8. Describe the steps in taking an orthostatic blood pressure. See orthostatic BP poster in skills lab

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2 8. Describe the steps in taking an orthostatic blood pressure. See orthostatic BP poster in skills lab 9. Discuss the nursing action to take when the nurse suspects an apicalradial pulse deficit. Two nurses count the pulse for 1 minute simultaneously, one counts at the apical site and one at the radial site, using one watch

3 6. List and define the five phases of the Korotkoff sounds for auscultating blood pressure a. Korotkoff I onset of fiant but clear tapping sounds which gradually increase in pitch and intensity. b. Korotkoff II tap is followed by a murmur or swishing like sound. In normal individuals, the second phase usually starts mm Hg below the onset of the first phase and lasts for mm Hg. c. Korotkoff III consists of distinct, loud tapping sounds without murmurs. They are high-pitched. Tird phase ends when the tap rather suddenly becomes lower pitched and less intense. d. Korotkoff IV this lower-pitched distinct abrupt muffling sound with a soft blowing quality constitutes the fourth phase. Sound produced by a completely open artery. This is considered the diastolic pressure in children. e. Korotkoff V the cessation or disappearance of sound recorded as diastolic pressure in adults. 7. Identify the difference in using a one-step method versus a two-step method of taking a client s blood pressure. One step method palpate radial pulse and pump cuff note level at which radial pulse disappears (to make sure you pump above systolic pressure) release control valve and wait 1-2 minutes close control valve and pump to 30 mm Hg above the level at which the pulse disappeared release control valve slowly at about 2-4 mm Hg per second and listen for Korotkoff sounds 1 and 5 Note systolic and diastolic pressure Two-step method: palpate radial pulse and pump cuff note level at which radial pulse disappears (to make sure you pump above systolic pressure) continue to pump to 30 mm Hg above the level at which the pulse disappeared (not releasing the control valve makes this a one-step method) release control valve slowly at about 2-4 mm Hg per second and listen for Korotkoff sounds 1 and 5 Note systolic and diastolic pressure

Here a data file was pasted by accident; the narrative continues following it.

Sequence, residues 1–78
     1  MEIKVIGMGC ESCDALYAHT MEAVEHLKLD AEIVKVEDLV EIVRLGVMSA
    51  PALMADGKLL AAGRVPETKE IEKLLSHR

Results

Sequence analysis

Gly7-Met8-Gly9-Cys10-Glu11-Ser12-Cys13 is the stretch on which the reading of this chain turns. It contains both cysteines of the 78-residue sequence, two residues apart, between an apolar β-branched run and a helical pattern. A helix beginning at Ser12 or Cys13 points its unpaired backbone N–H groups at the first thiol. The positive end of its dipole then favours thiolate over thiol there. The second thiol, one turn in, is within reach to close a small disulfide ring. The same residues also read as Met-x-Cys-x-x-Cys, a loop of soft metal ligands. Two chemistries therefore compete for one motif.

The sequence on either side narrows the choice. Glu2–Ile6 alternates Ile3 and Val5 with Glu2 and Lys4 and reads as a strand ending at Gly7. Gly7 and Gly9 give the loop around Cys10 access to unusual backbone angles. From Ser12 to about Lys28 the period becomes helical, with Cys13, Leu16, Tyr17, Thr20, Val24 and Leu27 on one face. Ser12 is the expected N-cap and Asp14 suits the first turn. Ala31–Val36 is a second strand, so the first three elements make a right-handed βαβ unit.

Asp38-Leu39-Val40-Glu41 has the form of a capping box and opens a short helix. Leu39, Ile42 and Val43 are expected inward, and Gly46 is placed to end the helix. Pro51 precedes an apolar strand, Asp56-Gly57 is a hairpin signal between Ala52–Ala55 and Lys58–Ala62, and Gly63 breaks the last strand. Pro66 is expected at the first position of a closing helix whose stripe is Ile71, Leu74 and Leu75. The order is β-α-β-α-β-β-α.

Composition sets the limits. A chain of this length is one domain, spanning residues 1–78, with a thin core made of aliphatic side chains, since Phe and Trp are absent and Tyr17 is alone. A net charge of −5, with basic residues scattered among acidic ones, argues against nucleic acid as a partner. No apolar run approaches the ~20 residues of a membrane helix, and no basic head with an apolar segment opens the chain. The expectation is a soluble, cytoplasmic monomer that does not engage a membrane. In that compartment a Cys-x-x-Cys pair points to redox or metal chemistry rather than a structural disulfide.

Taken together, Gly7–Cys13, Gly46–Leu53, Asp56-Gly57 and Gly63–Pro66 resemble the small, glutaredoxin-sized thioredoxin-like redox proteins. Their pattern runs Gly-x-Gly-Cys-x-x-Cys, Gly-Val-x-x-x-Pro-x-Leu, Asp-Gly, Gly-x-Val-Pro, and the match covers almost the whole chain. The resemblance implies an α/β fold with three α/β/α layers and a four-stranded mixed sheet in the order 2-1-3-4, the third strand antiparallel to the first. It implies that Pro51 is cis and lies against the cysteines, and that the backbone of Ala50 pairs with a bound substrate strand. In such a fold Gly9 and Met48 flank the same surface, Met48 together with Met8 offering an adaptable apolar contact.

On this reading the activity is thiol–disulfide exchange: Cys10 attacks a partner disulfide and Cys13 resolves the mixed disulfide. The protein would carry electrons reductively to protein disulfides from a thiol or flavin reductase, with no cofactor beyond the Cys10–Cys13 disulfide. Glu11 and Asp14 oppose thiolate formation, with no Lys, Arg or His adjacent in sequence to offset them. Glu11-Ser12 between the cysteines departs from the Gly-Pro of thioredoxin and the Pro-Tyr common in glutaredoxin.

4 most convenient; contraindications: unconscious, very young, uncooperative, confused, seizure, prone patients, oral surgery, mouth breathers, if O2 by mask Wait at least 15 minutes to take temp if patient tool hot or cold liquids and 2 minutes if smoking or chewing gum Axillary o Easy access o Preferred site for infants o No contraindications but axilla needs to be dry for accuracy o Only reflects shell temperature Rectal o Reflects core temperature o Uncomfortable and use as last resort if unable to access core temp by other routes o Contraindications: rectal surgery patients; diarrhea, Myocardial Infarction Tympanic Reflects core temperature Convenient but inaccurate reading if positioning inaccurate (ear canal needs to be straightened) Contraindications: ear infections with drainage in ear canal, severe cerumen build up in ear canal 5. Locate on the diagram the anatomical position of the carotid, brachial,radial, popliteal, dorsalis pedis, and posterior tibial pulses.